Appeals court backs sober-living homes in suit against Newport Beach

A recovery group meets on the sand in Newport Beach in 2007. The city's effort to curb sober-living group homes with a 2008 ordinance might be discriminatory, a federal appeals court panel decided Friday.
(Karen Tapia-Andersen / Los Angeles Times)

SAN FRANCISCO -- A Newport Beach ordinance designed to curb or eliminate group homes for recovering addicts may have illegally discriminated against people based on disability, a federal appeals court ruled unanimously Friday.

The decision by the U.S. 9thCircuit Court of Appeals revived lawsuits against the city by operators of group homes that lost money or had to shut down as a result of the 2008 ordinance.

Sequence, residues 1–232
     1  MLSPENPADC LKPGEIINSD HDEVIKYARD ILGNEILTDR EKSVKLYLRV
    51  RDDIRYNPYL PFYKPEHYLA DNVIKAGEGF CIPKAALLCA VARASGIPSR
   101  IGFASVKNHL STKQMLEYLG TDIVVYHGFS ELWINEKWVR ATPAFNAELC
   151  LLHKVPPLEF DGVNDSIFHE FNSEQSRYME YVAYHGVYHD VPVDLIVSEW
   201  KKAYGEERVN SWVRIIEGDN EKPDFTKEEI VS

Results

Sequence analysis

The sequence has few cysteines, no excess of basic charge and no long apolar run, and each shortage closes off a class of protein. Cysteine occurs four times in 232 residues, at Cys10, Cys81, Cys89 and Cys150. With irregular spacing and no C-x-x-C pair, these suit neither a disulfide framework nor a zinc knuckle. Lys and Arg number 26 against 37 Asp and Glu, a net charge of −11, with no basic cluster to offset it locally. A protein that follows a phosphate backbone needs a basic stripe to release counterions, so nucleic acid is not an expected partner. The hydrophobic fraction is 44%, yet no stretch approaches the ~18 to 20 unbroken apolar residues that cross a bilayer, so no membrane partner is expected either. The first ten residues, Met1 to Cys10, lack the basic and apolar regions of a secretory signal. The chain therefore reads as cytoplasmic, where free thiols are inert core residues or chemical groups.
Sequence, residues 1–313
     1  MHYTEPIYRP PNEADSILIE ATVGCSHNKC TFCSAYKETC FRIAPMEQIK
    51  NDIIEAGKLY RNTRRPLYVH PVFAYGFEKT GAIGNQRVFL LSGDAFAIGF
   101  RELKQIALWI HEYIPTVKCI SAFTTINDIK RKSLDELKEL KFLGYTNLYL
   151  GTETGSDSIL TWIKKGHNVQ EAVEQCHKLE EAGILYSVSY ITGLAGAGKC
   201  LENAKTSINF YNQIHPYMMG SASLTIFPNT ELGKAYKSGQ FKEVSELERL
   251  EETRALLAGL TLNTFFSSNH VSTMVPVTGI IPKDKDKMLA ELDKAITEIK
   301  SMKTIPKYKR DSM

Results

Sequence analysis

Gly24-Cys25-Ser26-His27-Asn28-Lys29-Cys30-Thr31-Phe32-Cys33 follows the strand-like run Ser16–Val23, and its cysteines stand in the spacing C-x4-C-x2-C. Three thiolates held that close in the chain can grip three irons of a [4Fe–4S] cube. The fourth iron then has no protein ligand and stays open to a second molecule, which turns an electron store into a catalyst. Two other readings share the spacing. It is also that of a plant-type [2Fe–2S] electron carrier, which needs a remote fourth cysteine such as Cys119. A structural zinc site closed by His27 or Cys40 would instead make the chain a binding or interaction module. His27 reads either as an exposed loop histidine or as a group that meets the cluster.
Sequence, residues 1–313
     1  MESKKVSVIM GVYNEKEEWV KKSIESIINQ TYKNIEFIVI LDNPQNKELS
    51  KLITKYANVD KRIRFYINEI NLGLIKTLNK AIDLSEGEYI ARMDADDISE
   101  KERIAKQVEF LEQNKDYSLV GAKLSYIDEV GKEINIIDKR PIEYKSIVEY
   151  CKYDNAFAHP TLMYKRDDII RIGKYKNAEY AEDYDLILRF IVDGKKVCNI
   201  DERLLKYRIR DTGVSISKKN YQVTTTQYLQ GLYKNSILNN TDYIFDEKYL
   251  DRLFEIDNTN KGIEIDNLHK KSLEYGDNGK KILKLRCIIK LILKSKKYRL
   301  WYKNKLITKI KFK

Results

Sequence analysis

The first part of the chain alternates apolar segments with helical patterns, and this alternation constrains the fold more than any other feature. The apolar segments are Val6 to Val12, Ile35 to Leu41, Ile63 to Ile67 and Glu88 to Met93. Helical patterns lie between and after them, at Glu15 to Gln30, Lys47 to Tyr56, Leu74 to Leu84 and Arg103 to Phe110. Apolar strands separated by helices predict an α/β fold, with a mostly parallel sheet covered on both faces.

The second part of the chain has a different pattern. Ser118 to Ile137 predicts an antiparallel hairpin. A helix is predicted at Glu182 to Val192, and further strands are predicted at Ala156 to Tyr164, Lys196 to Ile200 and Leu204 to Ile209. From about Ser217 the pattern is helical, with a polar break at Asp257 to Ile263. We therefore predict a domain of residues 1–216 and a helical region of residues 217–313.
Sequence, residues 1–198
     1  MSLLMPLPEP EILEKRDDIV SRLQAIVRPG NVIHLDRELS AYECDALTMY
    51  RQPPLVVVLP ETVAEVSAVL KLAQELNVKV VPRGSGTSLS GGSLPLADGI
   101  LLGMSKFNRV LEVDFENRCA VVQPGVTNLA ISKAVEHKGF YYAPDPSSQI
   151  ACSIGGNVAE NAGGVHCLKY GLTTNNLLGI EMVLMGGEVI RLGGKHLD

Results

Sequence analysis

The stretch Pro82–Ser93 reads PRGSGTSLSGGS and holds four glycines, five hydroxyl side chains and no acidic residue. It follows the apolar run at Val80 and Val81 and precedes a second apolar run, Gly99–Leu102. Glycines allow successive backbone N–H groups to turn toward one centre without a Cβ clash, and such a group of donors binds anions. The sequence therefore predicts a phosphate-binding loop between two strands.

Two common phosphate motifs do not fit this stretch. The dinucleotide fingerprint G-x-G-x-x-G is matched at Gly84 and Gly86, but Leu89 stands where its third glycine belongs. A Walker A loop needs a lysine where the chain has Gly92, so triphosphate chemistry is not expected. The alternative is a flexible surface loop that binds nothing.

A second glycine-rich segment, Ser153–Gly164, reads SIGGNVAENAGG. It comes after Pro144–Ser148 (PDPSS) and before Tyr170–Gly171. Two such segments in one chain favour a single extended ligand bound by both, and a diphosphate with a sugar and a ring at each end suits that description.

The three-judge panel’s ruling also cleared the way for group home operators to receive financial compensation from Newport Beach and served as a warning to other cities that might want to eliminate such operations in residential neighborhoods.

A district court, in ruling for Newport Beach, mistakenly disregarded evidence that the city’s “sole objective in enacting and enforcing its ordinance was to discriminate against persons deemed to be disabled under state and federal housing discrimination laws,” Judge Stephen Reinhardt wrote for the panel.


Although lawyers for Newport Beach tried to write a law that did not specifically single out homes for people recovering from alcohol and drug addiction, evidence suggested that the intent and enforcement of the ordinance were discriminatory, the court said. The law forced many group homes to close and prevented new ones from opening.

Newport Beach “created a task force to locate group homes, undertake surveillance of them, and enforce the zoning code strictly against them,” the court said. “All of the circumstances … compel the conclusion that the plaintiffs have raised a triable issue of fact as to whether the ordinance was motivated by the desire to discriminate against the disabled.”


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